Fangirling in the Wild

We fly the geek flag high at our house.

We love our various corners of fandom — Doctor Who for That Girl and I, BDH and his tabletop gaming stuff, and BDH and I sharing various others like Marvel and Sherlock and such — and here at home, it’s just the normal way of the world to be a geek about these things.

We love what we love, and it’s okay to do that.

But out in the world, we realize a lot of people are not aware of such things. Not everybody listens to podcasts about geek culture or watches every episode of a series or buys swag off the interwebs. Not everybody cares about what we care about, just like we don’t go in for the reality shows or sitcoms or sports teams or whatever others are fans of. And it’s all good.

So when you just randomly meet up with someone who IS geeking out about the same stuff you are, it’s freaking cool.

At Xmas, BDH and That Girl bought me a bunch of T-shirts — Doctor Who-themed T-shirts, to be exact. Eight of them. And we bought some Who and My Little Pony gear for Herself, and I got some T-shirts for BDH from some of his favourite things as well. (And we got each other other stuff, as well, not just T-shirts, but it’s the shirts that are relevant to the story.)


I wear my shirts everywhere. I mean, I have eight, (well, eleven actually, if you count ones I got previously) so it’s kind of a given that on any given day, there’s a good chance I’ll be wearing something geektastic. But they’re just shirts, as far as most of the general public is concerned. Nobody really cares.

Except for on days like today, when I am getting ready to cash out at the grocery store, and the woman monitoring the self-checkout comes over and stares at your shirt, open-mouthed, and literally SQUEES. “OMG I LOVE YOUR SHIRT!”

I was wearing a shirt with a Doctor Who / Calvin and Hobbes mashup on it. I hadn’t really thought about it, until she came and was all OH EM GEE, but then we were off to the races.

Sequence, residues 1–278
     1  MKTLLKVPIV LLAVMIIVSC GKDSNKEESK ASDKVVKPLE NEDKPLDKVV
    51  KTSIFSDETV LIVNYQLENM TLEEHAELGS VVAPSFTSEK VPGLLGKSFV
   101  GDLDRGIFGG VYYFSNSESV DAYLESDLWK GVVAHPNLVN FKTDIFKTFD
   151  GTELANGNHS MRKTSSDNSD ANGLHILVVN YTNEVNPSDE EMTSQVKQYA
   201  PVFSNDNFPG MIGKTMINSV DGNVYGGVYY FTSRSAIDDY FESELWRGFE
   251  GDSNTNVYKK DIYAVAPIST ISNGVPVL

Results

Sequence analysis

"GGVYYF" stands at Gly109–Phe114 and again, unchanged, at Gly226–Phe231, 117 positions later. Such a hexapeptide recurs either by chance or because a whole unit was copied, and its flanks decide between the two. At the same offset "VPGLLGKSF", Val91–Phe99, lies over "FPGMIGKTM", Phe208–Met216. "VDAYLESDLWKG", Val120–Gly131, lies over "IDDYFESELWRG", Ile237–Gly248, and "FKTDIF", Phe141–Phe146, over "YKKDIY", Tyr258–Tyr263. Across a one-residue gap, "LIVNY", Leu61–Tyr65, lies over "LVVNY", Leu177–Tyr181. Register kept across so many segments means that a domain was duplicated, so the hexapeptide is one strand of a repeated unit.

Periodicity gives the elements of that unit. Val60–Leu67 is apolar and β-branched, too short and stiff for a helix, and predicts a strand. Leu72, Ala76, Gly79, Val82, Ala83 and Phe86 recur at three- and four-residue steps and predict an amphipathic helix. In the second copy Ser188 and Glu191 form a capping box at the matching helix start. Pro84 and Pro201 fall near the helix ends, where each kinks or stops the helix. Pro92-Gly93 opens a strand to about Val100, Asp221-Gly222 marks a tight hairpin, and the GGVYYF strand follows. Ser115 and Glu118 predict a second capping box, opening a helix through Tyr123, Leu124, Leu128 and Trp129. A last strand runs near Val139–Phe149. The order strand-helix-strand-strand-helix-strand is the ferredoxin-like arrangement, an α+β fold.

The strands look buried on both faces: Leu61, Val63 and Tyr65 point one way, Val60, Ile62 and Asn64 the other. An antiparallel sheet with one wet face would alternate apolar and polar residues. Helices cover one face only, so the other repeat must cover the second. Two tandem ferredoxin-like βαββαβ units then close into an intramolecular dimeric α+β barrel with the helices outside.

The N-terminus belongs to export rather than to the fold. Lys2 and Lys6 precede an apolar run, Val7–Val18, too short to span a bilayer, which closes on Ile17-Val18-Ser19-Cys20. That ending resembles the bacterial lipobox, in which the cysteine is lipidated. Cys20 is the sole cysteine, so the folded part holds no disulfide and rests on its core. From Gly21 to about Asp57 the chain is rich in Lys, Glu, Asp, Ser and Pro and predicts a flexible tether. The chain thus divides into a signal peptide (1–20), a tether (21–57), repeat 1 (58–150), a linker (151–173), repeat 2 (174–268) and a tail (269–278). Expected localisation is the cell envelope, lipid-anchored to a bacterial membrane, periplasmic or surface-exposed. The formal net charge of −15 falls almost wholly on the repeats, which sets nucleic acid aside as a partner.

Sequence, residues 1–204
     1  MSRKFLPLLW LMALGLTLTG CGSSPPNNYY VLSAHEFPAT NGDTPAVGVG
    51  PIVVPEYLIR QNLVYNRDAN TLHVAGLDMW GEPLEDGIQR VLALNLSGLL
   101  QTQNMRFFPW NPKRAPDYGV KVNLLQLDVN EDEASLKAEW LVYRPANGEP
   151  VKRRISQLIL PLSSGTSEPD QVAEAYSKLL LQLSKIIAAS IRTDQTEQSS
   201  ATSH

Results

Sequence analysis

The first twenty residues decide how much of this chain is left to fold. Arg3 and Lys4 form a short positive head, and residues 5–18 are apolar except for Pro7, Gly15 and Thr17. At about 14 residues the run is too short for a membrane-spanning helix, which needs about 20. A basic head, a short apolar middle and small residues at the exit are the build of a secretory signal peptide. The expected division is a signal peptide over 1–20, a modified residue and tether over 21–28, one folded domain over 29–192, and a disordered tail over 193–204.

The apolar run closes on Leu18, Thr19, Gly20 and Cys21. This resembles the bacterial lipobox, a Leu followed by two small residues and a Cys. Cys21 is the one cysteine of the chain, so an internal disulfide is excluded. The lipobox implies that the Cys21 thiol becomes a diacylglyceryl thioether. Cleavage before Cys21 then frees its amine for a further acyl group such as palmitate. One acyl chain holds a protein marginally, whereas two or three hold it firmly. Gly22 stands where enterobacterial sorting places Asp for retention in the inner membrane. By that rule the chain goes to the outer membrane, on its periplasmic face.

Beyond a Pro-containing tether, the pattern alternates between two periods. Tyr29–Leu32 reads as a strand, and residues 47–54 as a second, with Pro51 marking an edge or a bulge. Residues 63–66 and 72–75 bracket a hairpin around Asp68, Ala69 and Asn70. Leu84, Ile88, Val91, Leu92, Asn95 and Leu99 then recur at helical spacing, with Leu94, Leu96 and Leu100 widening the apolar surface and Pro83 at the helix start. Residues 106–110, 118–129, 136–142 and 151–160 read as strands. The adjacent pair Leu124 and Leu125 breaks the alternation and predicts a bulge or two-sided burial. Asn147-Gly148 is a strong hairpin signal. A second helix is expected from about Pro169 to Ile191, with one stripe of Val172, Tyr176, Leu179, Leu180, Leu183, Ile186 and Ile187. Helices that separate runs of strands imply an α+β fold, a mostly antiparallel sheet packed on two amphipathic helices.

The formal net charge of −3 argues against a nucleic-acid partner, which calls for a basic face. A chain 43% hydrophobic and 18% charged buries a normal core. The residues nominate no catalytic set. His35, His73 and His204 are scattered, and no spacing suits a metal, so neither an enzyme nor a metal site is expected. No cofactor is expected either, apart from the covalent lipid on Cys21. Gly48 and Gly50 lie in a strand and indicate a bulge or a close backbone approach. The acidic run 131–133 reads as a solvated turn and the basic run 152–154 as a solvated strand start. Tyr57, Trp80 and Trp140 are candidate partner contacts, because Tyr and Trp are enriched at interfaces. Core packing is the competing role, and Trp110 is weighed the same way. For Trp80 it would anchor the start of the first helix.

“Who is that? Is that…?”

“YES! It’s the TARDIS! See… that’s Ten, and Hobbes is Captain Jack… and this over here…”


“INORITE! I loved her! Who’s your Doctor?”

And like that. We were all flappy-hands fangirling, trading links to buy shirts, opinions of what happened to whom, and recommendations of other non-Who things to watch, and jumping between storylines and audios and specials…

It was awesome. One minute I was buying groceries, and the next, I had a new friend named Lisa who shared something I loved with the same amount of enthusiasm.

It doesn’t happen often. People are normally in their own bubble, and don’t share this sort of information easily. But when you are sporting something that shows your inner geek, it’s great when someone else recognizes it.

On a slightly different front, I was wearing another Doctor Who shirt one day. This one just bears the logo KEEP CALM AND BRING ME KNITTING. Althought “Keep Calm And…” shirts are everywhere these days, and come from the UK in WWII, only a real fan would get the Who reference.

So I did a huge double-take when I heard one of my daughter’s teachers greet me with “Oh wow, I love your shirt!!” Now, I was really surprised, but I thought, well… you never know who will be a fan. So I got all excited, and was getting ready to squee forth on the merits of Night of the Doctor when…

She started asking me about KNITTING.

Well, heck. Not the fandom I was expecting, but HELL YEAH! I LOVE ME SOME KNITTING! And we were off to the races on patterns and yarns and it was a geekfest of another colour.

Still made me feel good, though.

Recognizing others and being recognized as a part of a fandom, a shared love of something, really can give you a sense of belonging. It doesn’t matter what it is. And it’s important to me to teach That Girl that it does not matter why she loves what she loves, or what it is that she loves, that it’s okay to love it. There are no rules that say girls can’t love Sci Fi and superhero movies, or that boys can’t be Bronies and love My Little Pony.

What you love is what you love, no matter the reason. And it’s all good. And it’s important to be accepting of everyone and respectful of their geek flag, no matter what it is.